I Believe in Thinking Outside the Box.
Resume buzzwords cause hiring managers' eyes to glaze over and utilizing clichés in an interview will get you nowhere. Instead of employing overused business jargon, explain your talents and abilities using anecdotes about genuine things you've done.
I, like, built systems that grew numbers by 30%...
Filler words like “like” and “uh” might make you seem insecure or, worse, incapable of communicating adequately on the job.
How much time do I have off?
When you immediately respond with a series of "WIIFM" (what's in it for me?) inquiries, you seem pompous and, simply, unpleasant. Guess what interviewers are looking for: what you can accomplish for them. What can you do to earn money for that firm, enhance business processes, expand the organization, and, most saliently, make their lives easier?
How quickly do you promote your employees?
A person who asks this question may come out as entitled and arrogant. Is there a smarter method for asking this? I'd want to remain there for an extended period of time. How do typical career trajectories inside the organization look?
Steak and a glass of wine, please.
If your meeting starts over lunch or dinner, take the lead from your interviewers. Ask whether they've been to the restaurant previously and what they think are decent options—their suggestions should give you an idea of a reasonable pricing range. If not, let your employer order first, then choose something within that price range (or less). Put down the drink menu—even if your interviewer drinks, you should remain professional.
I'd want to start my own company as soon as possible.
Entrepreneurial dreams are admirable, but if you're looking for a job working elsewhere, you should definitely minimize the fact that you're looking for money for your blossoming firm. Most businesses want to recruit individuals who will be there for a long time, and if there's any suspicion that you're just there to collect a salary until you're able to start doing your own thing, you're unlikely to obtain the job.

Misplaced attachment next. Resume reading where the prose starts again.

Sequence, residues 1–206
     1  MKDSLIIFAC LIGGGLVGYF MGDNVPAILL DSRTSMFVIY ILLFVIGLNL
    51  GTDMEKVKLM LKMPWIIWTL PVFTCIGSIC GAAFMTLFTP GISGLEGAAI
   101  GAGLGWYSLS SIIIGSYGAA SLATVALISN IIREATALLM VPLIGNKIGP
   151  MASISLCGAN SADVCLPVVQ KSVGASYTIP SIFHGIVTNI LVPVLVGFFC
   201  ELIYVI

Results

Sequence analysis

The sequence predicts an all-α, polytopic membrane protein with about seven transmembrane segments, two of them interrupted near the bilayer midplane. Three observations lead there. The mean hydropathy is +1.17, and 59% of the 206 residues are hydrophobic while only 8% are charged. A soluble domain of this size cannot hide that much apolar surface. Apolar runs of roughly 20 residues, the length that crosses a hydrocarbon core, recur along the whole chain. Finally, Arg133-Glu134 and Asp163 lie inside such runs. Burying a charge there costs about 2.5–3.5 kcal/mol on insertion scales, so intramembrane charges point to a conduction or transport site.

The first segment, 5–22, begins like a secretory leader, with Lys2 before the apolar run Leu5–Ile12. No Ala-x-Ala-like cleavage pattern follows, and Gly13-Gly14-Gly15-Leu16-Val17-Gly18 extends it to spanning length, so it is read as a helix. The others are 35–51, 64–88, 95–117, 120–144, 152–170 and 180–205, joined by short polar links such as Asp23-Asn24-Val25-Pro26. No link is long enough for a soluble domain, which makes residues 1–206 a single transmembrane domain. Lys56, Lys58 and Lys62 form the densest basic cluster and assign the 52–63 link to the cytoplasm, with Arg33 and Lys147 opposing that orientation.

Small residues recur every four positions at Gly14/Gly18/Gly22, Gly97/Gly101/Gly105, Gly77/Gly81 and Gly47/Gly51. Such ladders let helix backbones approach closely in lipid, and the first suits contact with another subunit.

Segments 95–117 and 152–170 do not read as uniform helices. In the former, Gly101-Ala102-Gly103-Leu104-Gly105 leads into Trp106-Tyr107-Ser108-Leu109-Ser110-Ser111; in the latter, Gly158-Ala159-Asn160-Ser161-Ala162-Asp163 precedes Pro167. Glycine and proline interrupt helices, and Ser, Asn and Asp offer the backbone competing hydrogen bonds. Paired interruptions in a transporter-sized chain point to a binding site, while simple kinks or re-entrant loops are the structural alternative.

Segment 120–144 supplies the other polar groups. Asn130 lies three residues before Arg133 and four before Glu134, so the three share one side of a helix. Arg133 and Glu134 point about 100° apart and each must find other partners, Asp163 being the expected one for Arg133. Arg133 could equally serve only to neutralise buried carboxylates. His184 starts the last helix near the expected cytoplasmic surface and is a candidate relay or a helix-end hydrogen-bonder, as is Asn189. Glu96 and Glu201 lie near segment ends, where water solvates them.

What the hell is going on?
You'd think that avoiding cursing is basic interviewing 101, yet you'd be amazed at how often people do it. Even if the interviewer throws a few S- or F-bombs, you're much better off keeping your vocabulary PG.
Do you have any idea when we'll be done here?
Never convey the idea that you're in a rush or that you have someplace else to go. If everything goes well, a half-hour interview might stretch into a 90-minute interview, and if you seem to have something more essential to do, the interviewer will be turned off.
I'm having a difficult time right now.
Indeed, most individuals would sympathize with a person who was laid off, is dealing with a divorce, or is struggling with family conflict. They might be concerned about how your personal life may affect your professional performance.
I'm sorry for being late.
Just be on time. That's all there is to it.
Remember this list of phrases to avoid in a job interview. Show up on time and with confidence.
Caged Bird HR is an employee first HR services provider and the first HR services company to provide all employees with access to independent HR support. If you need HR support, please book time with a Caged Bird HR Consultant here.